In a shocking turn of events, Elon has posted something on X that caused controversy. I’m not going to comment on what Elon posted, mainly because I didn’t see it or the aftermath. Due to many of Elon’s erratic decisions recently regarding X, I have been spending less time there and more time on LinkedIn.
But I did read what Elon said, and his response to the backlash. From what I can gather, Elon’s stance is that he made a short comment and didn’t completely explain his thinking behind that comment. Doing so led many people to form an opinion about him that he claims is untrue.
One of the recurring themes around social media since it started seeping into mainstream consciousness about 15 years ago was the value in being authentic. We were told that brands (personal or company) who are authentic, who are ‘real’ are the ones that will win. That people crave honesty, we crave authentic communications.
But is that accurate? Do we really want people to be ‘real’? Love him or hate him, but Elon is about as ‘real’ as it gets. He says whatever he is thinking, whenever he is thinking it. He is so ‘real’ and open with his communications that he often makes people very uncomfortable with what he says.
And I think that’s the problem. The problem with authenticity is that it leads to people like Elon saying whatever pops into their heads at any moment.
Now, as you read that bolded part, you likely had one of two reactions to that statement:
1 – You thought “Yes, this is it absolutely!’
2 – You thought “Wait, how is that a ‘problem’, and who is it a ‘problem’ for?’
I’ve seen people in media and online say some variation of that same point. That Elon thinks he can say whatever he wants, whenever he wants. A lot of people don’t like that. Watch this interview that Elon gave yesterday with Andrew Sorkin. I will warn you ahead of time, there is some NSFW language at the start. It’s a long video, the salty comments that Elon made that everyone is talking about came in the first few mins:
Elon Musk full interview at NYT Dealbook yesterday pic.twitter.com/DMPcTQhOsD
— Marcelo P. Lima (@MarceloPLima) November 30, 2023
What struck me about this video wasn’t Elon’s comments. Elon makes very blunt comments in most interviews like this. Elon is an introvert, and you can tell that he is socially awkward to a degree, and I think a byproduct of that is he doesn’t seem to filter his comments as much as most people would. Especially in the business world.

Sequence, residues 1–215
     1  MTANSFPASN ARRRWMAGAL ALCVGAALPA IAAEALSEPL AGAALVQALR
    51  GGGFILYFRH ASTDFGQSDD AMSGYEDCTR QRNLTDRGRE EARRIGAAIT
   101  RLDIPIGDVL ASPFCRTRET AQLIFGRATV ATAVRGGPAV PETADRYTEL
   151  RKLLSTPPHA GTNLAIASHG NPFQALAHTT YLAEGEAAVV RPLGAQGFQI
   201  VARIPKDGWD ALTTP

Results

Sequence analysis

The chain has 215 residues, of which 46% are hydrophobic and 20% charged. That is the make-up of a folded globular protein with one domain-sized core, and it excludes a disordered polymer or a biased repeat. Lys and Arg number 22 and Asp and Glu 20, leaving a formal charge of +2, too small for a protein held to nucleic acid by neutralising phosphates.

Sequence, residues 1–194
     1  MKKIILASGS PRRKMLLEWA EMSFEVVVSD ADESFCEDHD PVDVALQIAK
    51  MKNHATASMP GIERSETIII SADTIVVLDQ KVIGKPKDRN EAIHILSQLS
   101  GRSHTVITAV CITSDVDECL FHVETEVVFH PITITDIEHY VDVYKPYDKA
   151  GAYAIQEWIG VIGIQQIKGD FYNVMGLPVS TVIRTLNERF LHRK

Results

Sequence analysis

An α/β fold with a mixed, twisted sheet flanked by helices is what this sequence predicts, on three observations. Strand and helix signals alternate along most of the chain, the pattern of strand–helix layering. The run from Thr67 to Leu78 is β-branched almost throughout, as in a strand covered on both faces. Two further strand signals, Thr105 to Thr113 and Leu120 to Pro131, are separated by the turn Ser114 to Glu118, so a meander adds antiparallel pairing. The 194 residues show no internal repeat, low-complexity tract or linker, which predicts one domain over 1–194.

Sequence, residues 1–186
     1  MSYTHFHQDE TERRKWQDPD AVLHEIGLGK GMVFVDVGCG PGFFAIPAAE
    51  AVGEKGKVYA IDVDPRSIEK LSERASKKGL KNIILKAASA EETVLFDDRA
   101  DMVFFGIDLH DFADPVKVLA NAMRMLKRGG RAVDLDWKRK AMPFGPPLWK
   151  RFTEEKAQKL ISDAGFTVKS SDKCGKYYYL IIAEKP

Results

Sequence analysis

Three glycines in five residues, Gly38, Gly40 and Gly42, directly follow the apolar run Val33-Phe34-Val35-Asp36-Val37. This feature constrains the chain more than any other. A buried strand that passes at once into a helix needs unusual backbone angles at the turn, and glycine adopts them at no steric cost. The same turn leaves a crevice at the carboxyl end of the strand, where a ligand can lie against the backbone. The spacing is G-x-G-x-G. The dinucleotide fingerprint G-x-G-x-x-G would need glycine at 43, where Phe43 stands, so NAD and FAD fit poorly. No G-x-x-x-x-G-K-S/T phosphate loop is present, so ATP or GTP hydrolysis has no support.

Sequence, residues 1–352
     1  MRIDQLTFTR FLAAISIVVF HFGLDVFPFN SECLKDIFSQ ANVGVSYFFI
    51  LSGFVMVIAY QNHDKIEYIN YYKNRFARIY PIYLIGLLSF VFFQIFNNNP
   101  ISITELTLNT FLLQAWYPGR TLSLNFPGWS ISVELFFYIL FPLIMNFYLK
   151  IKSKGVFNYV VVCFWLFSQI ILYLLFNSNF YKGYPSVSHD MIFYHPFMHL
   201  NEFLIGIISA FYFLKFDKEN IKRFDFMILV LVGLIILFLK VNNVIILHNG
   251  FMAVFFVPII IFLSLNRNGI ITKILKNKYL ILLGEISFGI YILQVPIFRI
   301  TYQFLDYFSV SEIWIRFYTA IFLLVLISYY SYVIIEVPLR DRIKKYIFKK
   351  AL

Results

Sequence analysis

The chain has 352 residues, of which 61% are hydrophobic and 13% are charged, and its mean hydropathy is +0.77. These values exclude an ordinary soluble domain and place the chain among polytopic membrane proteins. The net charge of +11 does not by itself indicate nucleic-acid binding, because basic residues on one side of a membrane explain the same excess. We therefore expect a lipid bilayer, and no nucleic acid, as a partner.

What struck me about this interview was actually Sorkin’s comments. I noticed he kept going back to this idea of regret. He kept trying to get Elon to admit that he regretted his comments. That he needed to be more careful with his language. That he needed to think more carefully about what he says. Sorkin repeatedly asked Elon if he has ever said anything he wished he had not.
I’ve seen other interviews with Elon where the host has chosen a similar stance. It’s clear that the interviewer is desperate to get Elon to admit that he doesn’t think about what he’s saying. The interviewer is clearly trying to discredit what Elon says.
To what end? I believe the media wants to discredit what Elon says, because Elon often says things they don’t want to hear. Elon often criticizes the media. And Elon is argubly the most influential person on the planet. People listen to him.
So do we want authenticity, or not? Do we want free speech, or not? I’ll be the first to admit that I have a love/hate relationship with Elon. He can say or do something that I think is absolutely brilliant, and 5 mins later say or do something that makes me want to delete my X account that I opened in 2007.
But at the end of the day, I think we as a society need to think about what we want free speech to mean. Do we want people to have the ability to speak freely, or do we want someone’s speech to be restricted? And when we discuss guardrails to speech, how do we determine where those limitations are placed, and who they affect? Do they affect everyone equally, or only the people who say things that we don’t want to hear?
I believe people like Elon Musk are gathering so much attention because we are hungry for honest conversation. We have gotten so far away from the idea of having honest and open conversations with each other, that when someone comes along that says whatever they want whenever they want, we listen. In a perfect world, Elon’s behavior would cost him a lot more than it does. Society as a group would push back and say “Hey Elon, do you have to use that language to get your point across? Do you have to be so brash, so controversial? It detracts from your message, which has some value. But by framing your message in crude and incomplete terms, the focus is put on you, rather than your ideas. Is that what you want?’
If we were truly in a place where we as a society encouraged the free-flow of ideas, even ones we disagree with, that would be the response to Elon. Instead, the response is either ‘You need to shut up’ or ‘Keep going!’
Our response is either to tell Elon to stop sharing at all, or to share even more. And the breakpoint for which response we choose falls on whether or not we agree with what Elon is saying at the moment.
That’s not authenticity. That is censored speech. And we need to decide which one is more important.